Possible Causes for TMJ Disorder
If you have pain in the jaw, find it difficult to get a good night’s rest, and/or experience frequent headaches, you could be experiencing TMJ disorder. “TMJ” stands for the temporomandibular joint, which is the joint that connects the jaw to the skull and controls the muscles that are involved with movement of the jaw. When this joint is damaged for whatever reason, it can lead to a variety of symptoms. Fortunately, there are some steps you can take at home to ease the discomfort and pain that comes with TMJ disorder. In this article, we’ll explore the symptoms of the condition as well as some of the likely causes.
Symptoms of TMJ Disorder
When it comes to TMJ disorder — and virtually every other medical condition, for that matter – the exact symptoms can vary from one person to the next. It all depends on factors such as the severity of the problem and a person’s lifestyle and personal habits. What follows is a list of the most common symptoms associated with TMJ disorder:
- Pain and/or swelling of the jaw joint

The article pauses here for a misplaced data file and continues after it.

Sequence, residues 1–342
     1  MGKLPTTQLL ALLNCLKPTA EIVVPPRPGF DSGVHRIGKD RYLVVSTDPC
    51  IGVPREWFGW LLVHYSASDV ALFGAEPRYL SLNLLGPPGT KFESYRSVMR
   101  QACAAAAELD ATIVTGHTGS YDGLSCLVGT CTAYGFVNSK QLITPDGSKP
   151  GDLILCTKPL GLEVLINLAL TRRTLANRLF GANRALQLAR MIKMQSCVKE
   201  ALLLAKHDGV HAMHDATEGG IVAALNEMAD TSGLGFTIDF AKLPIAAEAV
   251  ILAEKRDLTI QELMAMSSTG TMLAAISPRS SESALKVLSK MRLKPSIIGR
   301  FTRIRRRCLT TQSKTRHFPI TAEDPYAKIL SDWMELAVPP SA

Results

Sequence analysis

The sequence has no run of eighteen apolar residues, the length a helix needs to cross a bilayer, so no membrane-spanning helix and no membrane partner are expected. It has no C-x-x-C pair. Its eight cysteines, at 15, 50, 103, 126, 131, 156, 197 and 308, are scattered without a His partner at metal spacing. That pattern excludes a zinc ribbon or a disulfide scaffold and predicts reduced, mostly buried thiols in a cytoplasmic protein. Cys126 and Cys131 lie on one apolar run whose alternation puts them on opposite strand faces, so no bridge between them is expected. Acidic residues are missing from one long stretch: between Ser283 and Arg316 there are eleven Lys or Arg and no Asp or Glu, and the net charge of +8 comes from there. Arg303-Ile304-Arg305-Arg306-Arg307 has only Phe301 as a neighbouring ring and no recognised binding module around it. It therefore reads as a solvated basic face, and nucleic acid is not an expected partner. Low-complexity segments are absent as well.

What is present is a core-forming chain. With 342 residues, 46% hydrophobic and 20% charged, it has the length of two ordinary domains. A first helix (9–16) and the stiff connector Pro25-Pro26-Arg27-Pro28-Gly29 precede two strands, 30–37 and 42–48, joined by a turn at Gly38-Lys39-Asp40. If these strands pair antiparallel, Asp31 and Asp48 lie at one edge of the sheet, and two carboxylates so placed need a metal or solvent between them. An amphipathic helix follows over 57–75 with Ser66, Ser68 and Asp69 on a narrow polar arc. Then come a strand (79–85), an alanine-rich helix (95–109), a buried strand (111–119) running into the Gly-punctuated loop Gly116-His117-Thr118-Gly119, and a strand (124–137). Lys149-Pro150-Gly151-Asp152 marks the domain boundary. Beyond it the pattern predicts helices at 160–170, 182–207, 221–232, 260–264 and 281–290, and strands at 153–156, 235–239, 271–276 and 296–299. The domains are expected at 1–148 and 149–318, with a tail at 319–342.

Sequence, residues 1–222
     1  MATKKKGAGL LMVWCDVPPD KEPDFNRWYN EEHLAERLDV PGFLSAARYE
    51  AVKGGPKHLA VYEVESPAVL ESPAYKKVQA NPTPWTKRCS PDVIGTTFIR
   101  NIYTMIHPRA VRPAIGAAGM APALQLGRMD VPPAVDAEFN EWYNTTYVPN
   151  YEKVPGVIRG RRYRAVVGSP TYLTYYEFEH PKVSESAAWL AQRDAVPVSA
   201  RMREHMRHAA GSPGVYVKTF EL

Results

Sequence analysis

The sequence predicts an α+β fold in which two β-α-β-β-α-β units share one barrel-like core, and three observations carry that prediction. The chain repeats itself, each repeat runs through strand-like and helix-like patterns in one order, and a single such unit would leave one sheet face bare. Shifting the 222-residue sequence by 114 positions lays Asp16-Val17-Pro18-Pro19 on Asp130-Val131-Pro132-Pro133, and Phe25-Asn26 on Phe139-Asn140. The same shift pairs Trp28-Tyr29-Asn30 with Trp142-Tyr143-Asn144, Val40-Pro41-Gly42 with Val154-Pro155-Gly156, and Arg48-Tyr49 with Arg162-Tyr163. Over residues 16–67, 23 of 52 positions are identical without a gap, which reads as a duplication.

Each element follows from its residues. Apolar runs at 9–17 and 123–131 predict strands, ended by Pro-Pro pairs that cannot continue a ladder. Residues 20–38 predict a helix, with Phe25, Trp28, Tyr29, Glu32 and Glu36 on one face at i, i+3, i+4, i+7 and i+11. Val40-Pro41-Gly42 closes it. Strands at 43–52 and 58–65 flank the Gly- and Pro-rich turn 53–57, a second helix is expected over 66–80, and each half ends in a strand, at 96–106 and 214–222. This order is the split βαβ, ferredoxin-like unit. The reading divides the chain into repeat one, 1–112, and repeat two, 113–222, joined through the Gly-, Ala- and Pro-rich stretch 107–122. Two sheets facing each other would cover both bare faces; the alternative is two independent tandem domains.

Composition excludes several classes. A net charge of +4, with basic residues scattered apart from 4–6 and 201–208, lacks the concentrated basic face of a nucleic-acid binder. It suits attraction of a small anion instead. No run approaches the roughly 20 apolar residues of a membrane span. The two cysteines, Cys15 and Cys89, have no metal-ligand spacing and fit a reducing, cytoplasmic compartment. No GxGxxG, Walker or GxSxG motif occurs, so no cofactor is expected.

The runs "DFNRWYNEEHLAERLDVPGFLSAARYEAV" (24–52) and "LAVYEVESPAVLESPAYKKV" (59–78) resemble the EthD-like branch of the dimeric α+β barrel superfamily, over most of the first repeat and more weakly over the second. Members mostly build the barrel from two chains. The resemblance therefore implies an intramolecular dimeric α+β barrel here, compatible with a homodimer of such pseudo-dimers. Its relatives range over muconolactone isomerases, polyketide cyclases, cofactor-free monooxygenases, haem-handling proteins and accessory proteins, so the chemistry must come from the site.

- Pain and/or tension in the shoulders and neck
- Pain or tenderness in the facial muscles
- Pain when chewing food
- Hearing difficulties
- Ringing in the ears (tinnitus)
- Difficulty in opening the mouth wide and/or closing the mouth
- Clicking or popping sound in the jaw when opening or closing the mouth
It’s important to note that just because you experience some of these symptoms doesn’t necessarily mean that you have TMJ disorder, and only your dentist or doctor can provide you with a definite diagnosis.
Why Some People Develop TMJ Disorder
In most cases, people develop TMJ disorder due to a combination of factors. Some of these may be within our control, while others are not. What follows are some of the most common reasons why people develop this condition:
- Bruxism (clenching the teeth and/or grinding the teeth at night)
- Arthritis in the jaw
- An injury to the jaw
- Anxiety/stress (leads to teeth grinding and clenching of the jaw while awake)
- Poor posture
- Disease of the connective tissue around the jaw joint
- Orthodontic braces
- Chewing gum daily for long periods of time
For some people with a mild case of TMJ disorder, the condition simply goes away on its own. But many people require some form of treatment to relieve the associated symptoms. If you believe that you are experiencing the symptoms of TMJ disorder, talk to your dentist today.